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13 October 2006
Poultry Products Increase Antibiotic Resistance

A new three-year study claims to have established that antibiotic use as a livestock growth promoter increases the risk of human antibiotic resistance. The study, appearing in The Journal of Infectious Diseases, examined poultry exposure as a risk factor for antibiotic resistance in Enterococcus faecium, a gut bacterium that is increasingly the cause of infections in hospitals. The investigation team focused on use of a growth-promoting antibiotic, called virginiamycin, in poultry. Virginiamycin is closely related to quinupristin-dalfopristin, an antibiotic licensed to treat patients with serious, antibiotic-resistant infections.

"There is a relative lack of data on the impact of antibiotic use in livestock and its relationship to antibiotic resistance in humans, but there is a fair amount of indirect evidence suggesting that antibiotic use could pose a risk to human health," said researcher Edward Belongia, from the Marshfield Clinic Research Foundation.

"We've known for a long time that resistant bacteria can be found on retail poultry products, but our study is one of the first to show an association between human carriage of antibiotic resistance genes and eating poultry or handling raw poultry. These results indicate that virginiamycin use in poultry leads to transfer of antibiotic resistance genes to human gut bacteria through the food supply and they provide additional evidence that use of growth promoters in animals may have long-term consequences for human health," he added.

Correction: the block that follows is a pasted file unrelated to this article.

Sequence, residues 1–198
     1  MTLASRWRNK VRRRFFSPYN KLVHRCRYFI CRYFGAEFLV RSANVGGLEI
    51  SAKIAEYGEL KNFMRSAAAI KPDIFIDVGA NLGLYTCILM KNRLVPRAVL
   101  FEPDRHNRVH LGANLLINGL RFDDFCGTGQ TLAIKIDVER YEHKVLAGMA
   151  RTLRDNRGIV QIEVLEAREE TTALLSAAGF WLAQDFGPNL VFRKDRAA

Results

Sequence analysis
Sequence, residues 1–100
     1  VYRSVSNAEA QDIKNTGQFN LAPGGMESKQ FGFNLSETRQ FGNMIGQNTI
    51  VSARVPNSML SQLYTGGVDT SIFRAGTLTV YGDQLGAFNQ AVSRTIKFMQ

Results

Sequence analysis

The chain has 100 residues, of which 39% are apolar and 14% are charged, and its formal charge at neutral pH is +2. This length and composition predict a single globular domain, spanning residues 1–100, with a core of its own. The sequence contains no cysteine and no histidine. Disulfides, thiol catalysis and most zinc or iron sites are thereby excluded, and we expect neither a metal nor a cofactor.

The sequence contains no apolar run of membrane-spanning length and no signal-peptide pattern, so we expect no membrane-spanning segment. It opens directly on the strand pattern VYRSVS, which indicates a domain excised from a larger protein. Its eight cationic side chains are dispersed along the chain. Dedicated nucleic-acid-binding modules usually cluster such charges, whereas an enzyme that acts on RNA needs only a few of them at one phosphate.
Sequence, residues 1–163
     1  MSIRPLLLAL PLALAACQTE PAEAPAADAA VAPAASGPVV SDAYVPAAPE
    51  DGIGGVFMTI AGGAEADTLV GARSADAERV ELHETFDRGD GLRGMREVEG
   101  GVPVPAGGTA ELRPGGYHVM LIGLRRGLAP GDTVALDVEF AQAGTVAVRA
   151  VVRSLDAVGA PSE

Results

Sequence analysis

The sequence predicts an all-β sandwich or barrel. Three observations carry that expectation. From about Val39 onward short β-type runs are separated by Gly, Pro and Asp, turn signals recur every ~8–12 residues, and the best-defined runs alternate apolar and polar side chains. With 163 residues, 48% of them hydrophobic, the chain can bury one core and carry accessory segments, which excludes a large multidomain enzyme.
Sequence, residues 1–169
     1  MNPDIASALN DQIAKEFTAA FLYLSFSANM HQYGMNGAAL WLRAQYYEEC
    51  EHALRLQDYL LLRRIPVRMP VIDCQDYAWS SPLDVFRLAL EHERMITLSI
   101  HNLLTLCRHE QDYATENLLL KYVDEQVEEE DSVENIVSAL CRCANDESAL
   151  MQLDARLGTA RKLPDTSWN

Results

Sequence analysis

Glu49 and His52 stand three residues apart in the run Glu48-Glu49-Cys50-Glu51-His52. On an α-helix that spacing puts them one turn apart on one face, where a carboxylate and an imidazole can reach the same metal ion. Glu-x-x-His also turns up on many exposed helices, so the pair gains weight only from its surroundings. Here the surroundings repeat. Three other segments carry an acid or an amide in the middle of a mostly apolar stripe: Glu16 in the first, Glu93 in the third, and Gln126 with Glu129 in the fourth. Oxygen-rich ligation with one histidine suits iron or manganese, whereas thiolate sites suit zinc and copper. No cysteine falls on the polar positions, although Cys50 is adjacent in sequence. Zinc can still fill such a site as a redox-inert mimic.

The FDA may now act on this information to improve its risk assessment procedures, particularly in light of a recent FDA Veterinary Medicine Advisory Committee meeting about an application to license a broad spectrum antibiotic, called cefquinome, for use in cattle.

Belongia said that there was concern in the medical community that cefquinome could promote resistance to cephalosporin drugs that are essential for many patients with serious or life-threatening infections. "At the end of the day, the FDA committee recommended against the drug. Our study focused on a different drug in a different type of animal, but this is a timely example of the controversy regarding the appropriate use of antibiotics in food-producing animals," he noted.

Source: Marshfield Clinic


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